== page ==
He casually mentions trying to persuade Hillary Clinton of the merits of a voucher system. He was unsuccessful, but British policymakers seem more interested.

"Choice" and "diversity" have long been buzz words in Labour education policy, and were the rationale behind the control of hundreds of state-funded secondaries being handed to private, charitable, religious and education sponsors through the academies scheme. But few have departed very far from the standard model of English secondary education.

Kunskapsskolan is a different proposition for teachers, pupils and parents. Its approach uses an identical system and shared back office services for schools, as a fast food chain might operate its franchises.

That produces economies of scale, allowing its Swedish schools to make a 4 per cent profit and gain above average academic results, beating municipal schools that receive identical state funding.

The common approach extends to teaching with a detailed Kunskapsskolan curriculum set out in 35 "steps", outlined on an online "knowledge portal" giving pupils and teachers instant access to the resources they need.

Each pupil works at their own level, regardless of age. There is less potential for creativity in deciding what to teach. But the time freed up means Kunskapsskolan teachers have an average of 30 hours of weekly pupil contact time, 50 per cent more than in Sweden's municipal schools.

British teachers who end up working in one of the Scandinavian chain's schools may find themselves delivering more personalised teaching, and have a better, closer relationships with pupils.

But at the same time they could also find themselves with less freedom, and even have their salary partially determined by their pupils' view of their performances.

Mr Hultin admits the chain's more centralised approach might not be for everyone. "You have the generalist who would like to do anything," he said. "Then you have the subject specialist who really loves their subject, not necessarily the kids, and they don't suit this model so well.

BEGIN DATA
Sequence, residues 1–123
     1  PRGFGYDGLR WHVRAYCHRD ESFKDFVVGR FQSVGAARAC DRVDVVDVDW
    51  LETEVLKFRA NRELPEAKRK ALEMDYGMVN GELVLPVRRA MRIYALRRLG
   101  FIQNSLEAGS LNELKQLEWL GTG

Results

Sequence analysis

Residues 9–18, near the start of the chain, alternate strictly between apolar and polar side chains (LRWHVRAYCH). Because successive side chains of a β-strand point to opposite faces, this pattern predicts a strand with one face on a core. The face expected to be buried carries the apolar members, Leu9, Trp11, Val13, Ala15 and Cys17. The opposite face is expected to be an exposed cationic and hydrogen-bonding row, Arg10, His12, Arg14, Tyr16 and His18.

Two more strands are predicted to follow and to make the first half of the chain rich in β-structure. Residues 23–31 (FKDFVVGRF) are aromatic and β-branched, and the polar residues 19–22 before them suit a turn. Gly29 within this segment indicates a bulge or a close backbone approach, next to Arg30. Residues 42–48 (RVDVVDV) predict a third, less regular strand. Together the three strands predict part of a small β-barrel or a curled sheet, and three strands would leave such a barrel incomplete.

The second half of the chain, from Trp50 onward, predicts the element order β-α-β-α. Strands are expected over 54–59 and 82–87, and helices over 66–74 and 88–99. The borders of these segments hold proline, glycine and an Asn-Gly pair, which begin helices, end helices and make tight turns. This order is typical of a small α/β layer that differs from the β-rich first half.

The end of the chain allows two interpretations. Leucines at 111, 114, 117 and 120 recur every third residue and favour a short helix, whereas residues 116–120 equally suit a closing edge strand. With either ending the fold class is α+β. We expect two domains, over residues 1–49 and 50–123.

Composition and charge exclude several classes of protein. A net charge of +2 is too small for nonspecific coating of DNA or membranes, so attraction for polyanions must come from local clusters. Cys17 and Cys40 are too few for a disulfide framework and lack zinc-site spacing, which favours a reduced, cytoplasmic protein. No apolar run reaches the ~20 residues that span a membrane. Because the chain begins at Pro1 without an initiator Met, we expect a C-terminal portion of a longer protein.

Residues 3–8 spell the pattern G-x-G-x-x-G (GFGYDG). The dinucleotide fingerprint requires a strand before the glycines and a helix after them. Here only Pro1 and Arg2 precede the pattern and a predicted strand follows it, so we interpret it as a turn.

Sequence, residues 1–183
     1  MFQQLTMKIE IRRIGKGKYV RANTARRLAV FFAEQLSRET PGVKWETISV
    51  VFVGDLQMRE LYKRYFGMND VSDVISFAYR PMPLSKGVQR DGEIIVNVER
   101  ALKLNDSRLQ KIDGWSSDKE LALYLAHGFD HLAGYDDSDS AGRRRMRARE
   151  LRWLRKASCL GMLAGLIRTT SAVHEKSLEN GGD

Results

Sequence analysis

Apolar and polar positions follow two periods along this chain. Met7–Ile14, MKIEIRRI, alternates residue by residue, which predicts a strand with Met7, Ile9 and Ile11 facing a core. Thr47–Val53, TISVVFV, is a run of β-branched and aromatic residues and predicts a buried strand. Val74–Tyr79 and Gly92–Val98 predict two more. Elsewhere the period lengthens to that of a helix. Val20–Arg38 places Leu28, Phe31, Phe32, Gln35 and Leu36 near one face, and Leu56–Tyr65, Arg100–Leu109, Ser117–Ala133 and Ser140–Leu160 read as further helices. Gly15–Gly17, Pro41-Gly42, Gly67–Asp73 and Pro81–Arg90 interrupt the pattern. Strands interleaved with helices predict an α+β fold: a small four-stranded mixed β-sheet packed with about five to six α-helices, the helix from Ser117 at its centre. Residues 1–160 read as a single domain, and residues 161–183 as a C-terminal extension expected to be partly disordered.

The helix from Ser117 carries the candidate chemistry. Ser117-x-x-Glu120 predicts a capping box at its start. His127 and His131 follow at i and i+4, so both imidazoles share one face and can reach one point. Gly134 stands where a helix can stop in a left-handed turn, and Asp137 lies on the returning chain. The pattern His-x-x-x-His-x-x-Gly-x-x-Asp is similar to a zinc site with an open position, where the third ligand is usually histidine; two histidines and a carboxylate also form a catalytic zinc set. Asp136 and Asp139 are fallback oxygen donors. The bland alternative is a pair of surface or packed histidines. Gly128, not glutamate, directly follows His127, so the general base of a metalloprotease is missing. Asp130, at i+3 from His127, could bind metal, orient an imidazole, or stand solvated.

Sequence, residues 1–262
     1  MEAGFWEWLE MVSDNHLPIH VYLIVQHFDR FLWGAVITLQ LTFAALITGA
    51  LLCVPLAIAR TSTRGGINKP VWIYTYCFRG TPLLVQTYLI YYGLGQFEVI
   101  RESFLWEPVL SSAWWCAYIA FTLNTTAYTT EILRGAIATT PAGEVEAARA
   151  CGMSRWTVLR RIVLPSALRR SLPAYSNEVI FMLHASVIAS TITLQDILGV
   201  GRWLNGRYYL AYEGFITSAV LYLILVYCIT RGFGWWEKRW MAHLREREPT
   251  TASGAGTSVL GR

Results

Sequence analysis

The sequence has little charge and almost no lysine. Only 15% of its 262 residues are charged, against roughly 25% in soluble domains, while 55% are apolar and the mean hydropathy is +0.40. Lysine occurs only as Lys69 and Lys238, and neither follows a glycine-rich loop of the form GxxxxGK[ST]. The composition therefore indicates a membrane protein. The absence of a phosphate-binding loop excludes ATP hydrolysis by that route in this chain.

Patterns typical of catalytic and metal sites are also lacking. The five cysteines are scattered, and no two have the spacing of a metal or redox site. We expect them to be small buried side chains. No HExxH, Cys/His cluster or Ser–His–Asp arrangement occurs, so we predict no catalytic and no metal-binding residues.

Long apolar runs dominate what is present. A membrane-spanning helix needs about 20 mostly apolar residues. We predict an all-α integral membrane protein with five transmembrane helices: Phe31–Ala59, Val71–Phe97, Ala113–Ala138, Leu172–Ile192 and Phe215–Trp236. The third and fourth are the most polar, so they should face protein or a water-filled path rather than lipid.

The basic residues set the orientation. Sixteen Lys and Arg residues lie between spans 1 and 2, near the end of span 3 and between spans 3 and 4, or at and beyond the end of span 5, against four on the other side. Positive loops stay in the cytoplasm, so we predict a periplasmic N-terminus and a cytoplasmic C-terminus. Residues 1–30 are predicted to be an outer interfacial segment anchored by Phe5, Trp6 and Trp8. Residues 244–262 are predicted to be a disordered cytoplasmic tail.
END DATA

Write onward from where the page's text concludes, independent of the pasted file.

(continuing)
"If you are a teacher who really enjoys preparing lessons in your classroom then you won't fit in with this."


Pernilla Brorsson, an English and French teacher at Kunskapsskolan Nacka, has seen both sides of the Swedish education coin, having started her career in municipal schools. But she is most enthusiastic about the advantages offered by the private company's unique approach.

"I enjoy the contact and the relationship you get with the students," she said. "You get so close to them and get to know them really well." Like all Kunskapsskolan teachers, Ms Brorsson is allocated 20 pupils who she will be responsible for throughout their time at the school. She spends at least a fifth of her week in 15-minute one-to-one tutorials with each of them.

Kunskapsskolan believes that by allowing pupils to take responsibility for organising their own timetables, choosing when to attend lessons and when they would rather work alone, their motivation improves.

But do any take advantage? "Of course they do," said Ms Brorsson. "But you do get to know students very well and you know which ones will take longer than they should and perhaps even leave school earlier. But I can talk to parents and keep an eye on them."

She says the system has made her better at her job. "I have got a deep understanding of how good students are and how to tackle difficult ones," she said. "I know how to work with students who are really motivated and those who are really stressed. I have become more sensitive to their difficulties and learned a lot about learning strategies with that in mind.

"When I worked at a municipal school I didn't think about that at all. Here I am forced to do it every week."

The company is also different because it pays its teachers according to their performance. But this does not faze Mr Brorsson.

"The impact hasn't been that great," she said. "When it comes to the principle of those performing the best getting the most, most people think that is quite natural."